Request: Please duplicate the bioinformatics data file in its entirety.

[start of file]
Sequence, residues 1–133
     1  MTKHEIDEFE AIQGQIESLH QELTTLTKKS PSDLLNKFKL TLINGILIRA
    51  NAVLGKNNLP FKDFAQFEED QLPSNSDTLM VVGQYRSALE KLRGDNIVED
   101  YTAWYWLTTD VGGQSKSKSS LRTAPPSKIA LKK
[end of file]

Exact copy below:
Sequence, residues 1–133
     1  MTKHEIDEFE AIQGQIESLH QELTTLTKKS PSDLLNKFKL TLINGILIRA
    51  NAVLGKNNLP FKDFAQFEED QLPSNSDTLM VVGQYRSALE KLRGDNIVED
   101  YTAWYWLTTD VGGQSKSKSS LRTAPPSKIA LKK